Poor Mans Jobqueue for Catalyst Apps

Handling long-running or heavy tasks inside a a requests is something you should avoid.

  • It blocks the available processes for other requests.
  • browser request timeout
  • ...

Instead of using one of the job queue implementations available for perl

  • Resque
  • ActiveMQ
  • ZeroMQ
  • Gearman
  • TheSchwartz
  • ...

i decided to reuse/abuse my database.

Add a 'job' table

  "id" serial NOT NULL,
  "test_id" integer NOT NULL,
  "status" character varying DEFAULT 'pending' NOT NULL,
  "created" timestamp NOT NULL,
  "data" character varying,
  PRIMARY KEY ("id")

Schedule a job

In our Catalyst Application users create and run tests. Running a test can take minutes to complete. So when the user clicks on the "run" button only a single insert is executed and the request returns.

INSERT INTO "job" ( "created", "test_id", "type")
VALUES ( '2013-09-17 09:53:54+0000', '220', 'test_foo');

Users can see job status

The next thing the user sees is a list of jobs and their status which can be any of the values "pending", "in_progress" or "finished".

Job Daemon

A daemon process takes care ofprocessing the jobs. I am using the excellent module Daemon::Control.


#!/usr/bin/env perl

use warnings;
use strict;
use Daemon::Control;
use FindBin qw/$Bin/;

# 1) configure user, group and perl path
my $user = 'www-data';
my $group = 'www-data';
my $perl = '/usr/bin/perl';

my $root = $Bin;
my $program = "$perl $root/myapp_job_daemon.pl";
my $name = 'MyAppJobDaemon';
my $pid_file = $root . '/myapp_job_daemon.pid';

name => $name,
lsb_start => '$all',
lsb_stop => '$all',
lsb_sdesc => $name,
lsb_desc => $name,
path => $root . '/myapp_job_daemon.initd',

user => $user,
group => $group,
directory => $root,
program => $program,

pid_file => $pid_file,
stderr_file => $root . '/myapp_job_daemon.out',
stdout_file => $root . '/myapp_job_daemon.out',

fork => 2, # Default: 2

  1. create initd file ... ./script/myapp_job_daemon.initd get_init_file > foo
  2. copy to /etc/init.d/myapp_job_daemon ... cp foo /etc/init.d/myapp_job_daemon
  3. install to runlevels ... update-rc.d myapp_job_daemon defaults


the code for job processing

#!/usr/bin/env perl

use strict;
use warnings;
use 5.010;
use FindBin qw/$Bin/;
use lib "$Bin/../lib";
use MyApp::Util;

my $verbose = 1;
my $interval = 5;
my $schema = MyApp::Util::get_schema();

sub run {
while (1) {
my $job = check_queue();
if ( $job ) {
process_job( $job );
else {

sub check_queue {
my $schema = shift;
return $schema->resultset('Job')->search( { status => 'pending' } )->first;

sub process_job {
my $job = shift;

say "Processing job: " . $job->id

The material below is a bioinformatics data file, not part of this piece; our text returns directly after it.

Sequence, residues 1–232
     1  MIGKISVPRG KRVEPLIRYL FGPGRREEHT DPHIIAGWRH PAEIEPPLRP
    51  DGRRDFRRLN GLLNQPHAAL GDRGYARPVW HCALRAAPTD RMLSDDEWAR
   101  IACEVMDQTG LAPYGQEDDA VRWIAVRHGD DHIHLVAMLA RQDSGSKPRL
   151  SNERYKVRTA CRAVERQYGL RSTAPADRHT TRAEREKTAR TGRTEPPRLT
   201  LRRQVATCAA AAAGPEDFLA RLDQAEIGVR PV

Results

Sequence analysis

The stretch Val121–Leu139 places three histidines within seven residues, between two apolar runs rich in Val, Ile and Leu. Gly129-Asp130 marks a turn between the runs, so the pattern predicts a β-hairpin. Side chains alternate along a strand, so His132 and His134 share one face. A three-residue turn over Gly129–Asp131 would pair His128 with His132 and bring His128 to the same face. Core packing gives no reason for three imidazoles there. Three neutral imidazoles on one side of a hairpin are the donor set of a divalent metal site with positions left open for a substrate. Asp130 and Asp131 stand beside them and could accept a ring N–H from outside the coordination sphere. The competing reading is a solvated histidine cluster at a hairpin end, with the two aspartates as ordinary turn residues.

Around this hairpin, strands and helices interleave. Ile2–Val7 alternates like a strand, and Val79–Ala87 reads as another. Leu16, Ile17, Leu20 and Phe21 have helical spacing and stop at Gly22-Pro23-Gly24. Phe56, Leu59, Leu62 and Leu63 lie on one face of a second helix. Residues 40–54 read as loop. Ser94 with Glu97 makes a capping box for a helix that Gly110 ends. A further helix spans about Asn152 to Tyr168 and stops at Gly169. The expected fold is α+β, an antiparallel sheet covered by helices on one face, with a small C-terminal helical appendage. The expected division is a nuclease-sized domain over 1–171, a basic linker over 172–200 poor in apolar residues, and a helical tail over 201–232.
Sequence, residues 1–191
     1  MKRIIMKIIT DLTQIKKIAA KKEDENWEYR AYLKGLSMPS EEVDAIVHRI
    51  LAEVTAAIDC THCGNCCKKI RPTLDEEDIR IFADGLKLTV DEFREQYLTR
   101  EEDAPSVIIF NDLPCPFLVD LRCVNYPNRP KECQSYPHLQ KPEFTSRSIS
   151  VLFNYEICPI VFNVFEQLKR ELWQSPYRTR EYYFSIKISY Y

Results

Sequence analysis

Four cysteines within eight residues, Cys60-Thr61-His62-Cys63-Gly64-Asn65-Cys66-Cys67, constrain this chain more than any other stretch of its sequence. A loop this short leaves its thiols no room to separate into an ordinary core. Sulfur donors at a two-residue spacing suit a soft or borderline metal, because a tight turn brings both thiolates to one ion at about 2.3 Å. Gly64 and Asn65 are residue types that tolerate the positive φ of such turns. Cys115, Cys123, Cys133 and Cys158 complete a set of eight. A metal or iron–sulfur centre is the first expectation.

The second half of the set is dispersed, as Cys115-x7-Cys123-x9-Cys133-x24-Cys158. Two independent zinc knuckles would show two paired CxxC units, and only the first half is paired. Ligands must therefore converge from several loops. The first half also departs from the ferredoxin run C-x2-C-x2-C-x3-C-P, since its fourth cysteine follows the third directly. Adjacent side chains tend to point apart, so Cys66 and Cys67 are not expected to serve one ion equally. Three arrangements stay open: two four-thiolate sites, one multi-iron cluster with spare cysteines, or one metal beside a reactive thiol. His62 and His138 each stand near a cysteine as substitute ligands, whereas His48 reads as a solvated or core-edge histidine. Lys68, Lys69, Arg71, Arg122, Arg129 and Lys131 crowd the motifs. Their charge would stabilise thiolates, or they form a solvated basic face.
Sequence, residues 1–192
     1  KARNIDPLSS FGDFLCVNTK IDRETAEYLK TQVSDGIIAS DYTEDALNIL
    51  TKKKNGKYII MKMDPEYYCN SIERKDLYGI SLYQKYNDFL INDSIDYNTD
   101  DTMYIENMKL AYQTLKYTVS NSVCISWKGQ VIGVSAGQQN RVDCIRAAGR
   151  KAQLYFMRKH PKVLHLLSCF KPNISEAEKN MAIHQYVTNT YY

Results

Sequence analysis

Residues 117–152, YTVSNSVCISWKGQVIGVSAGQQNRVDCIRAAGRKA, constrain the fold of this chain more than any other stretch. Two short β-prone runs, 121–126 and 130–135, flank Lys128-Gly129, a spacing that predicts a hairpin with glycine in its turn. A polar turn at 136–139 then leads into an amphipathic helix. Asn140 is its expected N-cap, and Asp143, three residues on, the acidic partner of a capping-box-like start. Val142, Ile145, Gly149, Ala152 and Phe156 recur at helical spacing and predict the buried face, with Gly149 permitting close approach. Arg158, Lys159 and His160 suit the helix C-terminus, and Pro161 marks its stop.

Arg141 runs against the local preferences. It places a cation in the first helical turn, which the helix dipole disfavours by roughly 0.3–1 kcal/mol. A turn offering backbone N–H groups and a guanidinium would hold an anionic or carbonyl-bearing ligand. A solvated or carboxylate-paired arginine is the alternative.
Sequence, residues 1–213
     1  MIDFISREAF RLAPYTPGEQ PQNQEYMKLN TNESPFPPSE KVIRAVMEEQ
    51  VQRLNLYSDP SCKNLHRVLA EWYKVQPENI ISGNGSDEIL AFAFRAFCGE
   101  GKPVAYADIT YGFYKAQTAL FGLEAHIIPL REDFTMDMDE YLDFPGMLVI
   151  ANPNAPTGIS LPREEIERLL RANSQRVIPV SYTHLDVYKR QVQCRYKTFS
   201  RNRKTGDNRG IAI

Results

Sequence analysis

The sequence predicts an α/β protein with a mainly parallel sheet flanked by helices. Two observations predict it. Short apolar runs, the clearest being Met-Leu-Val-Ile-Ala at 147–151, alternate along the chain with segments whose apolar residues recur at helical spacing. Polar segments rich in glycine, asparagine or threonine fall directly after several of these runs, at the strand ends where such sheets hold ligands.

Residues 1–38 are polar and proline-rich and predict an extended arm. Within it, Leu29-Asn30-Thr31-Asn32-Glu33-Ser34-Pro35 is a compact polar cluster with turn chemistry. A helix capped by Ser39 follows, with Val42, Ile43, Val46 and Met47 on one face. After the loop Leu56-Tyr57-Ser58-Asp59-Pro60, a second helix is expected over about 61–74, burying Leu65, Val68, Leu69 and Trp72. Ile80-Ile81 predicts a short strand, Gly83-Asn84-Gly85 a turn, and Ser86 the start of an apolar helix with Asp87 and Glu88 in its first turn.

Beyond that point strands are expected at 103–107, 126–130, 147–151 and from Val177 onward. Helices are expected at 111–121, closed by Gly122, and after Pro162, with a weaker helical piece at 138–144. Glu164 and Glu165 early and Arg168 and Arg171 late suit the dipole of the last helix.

if $verbose;

my $test = $job->test;
die "no test found.\n" unless $test;

say "Processing test: " . $test->name . '(' . $test->id . ')'
if $verbose;

my $test_env = MyApp::Util::get_test_env( $schema );

$job->update( { status => 'in_progress' } );

my @results = $test->run( $test_env );

data => \@results,
status => 'finished',

say "Finished processing " . @results . " steps."
if $verbose;


  • client polls results every n seconds
  • daemon polls database for pending jobs (could use DB triggers)
  • doesnt scale so well

But it works and I can come up with a better solution if required.


As far as I know, gearman by itself will manage your three needed states "pending", "in_progress" or "finished" just by using the handler it gives you back when you launch a job asynchronously.

If you need extra info (like started date, data , result, error maybe? ..) it makes sense to store it somewhere (in a table).

But it seems that here you're mixing storing extra job attributes (which is perfectly legitimate) and managing the job dispatching itself (which mentionned systems are designed to do).

From your code, it also looks like having more than one demon will put you at risk of processing the same jobs more than once. Could be quite embarrassing/damaging.

"Abuse" is the right word. The moment you hit more than three concurrent jobs, you will see a nasty slowdown because your table will have contention. A relational table is the WORST data structure you could use (other than a stack) to implement a queue. Tables are designed to store data in a way that optimizes for multiple reads per row. Ideally, each row is read 10x or more in its lifetime. A queue, on the other hand, is meant to be write-once-read-once-AND-DELETE. The delete is what kills the database.

Don't be stupid - just use a real queue. You will thank me.

I've implemented this anti-pattern more times than I care to admit. I like Redis for maintaining ephemeral queues these days. Easy and dirt simple. As it happens, I have an old YAPC presentation about this exact topic. (Video, Slides)

Have you taken a look at Helios? I admit it may not quite do what you want out of the box (yet); it currently is more of a "fire-and-forget" job management system rather than one that tightly integrates with your front-end webapp. It does however have a reliable job agent daemon that manages multiple worker processes and extensible APIs for logging and configuration management. There are also a lot of hooks and extension capabilities to tailor the system to work with your environment. We have a lot of new features and APIs coming up in the next major release, so even if it can't quite do what you want yet, it may be able to very soon.

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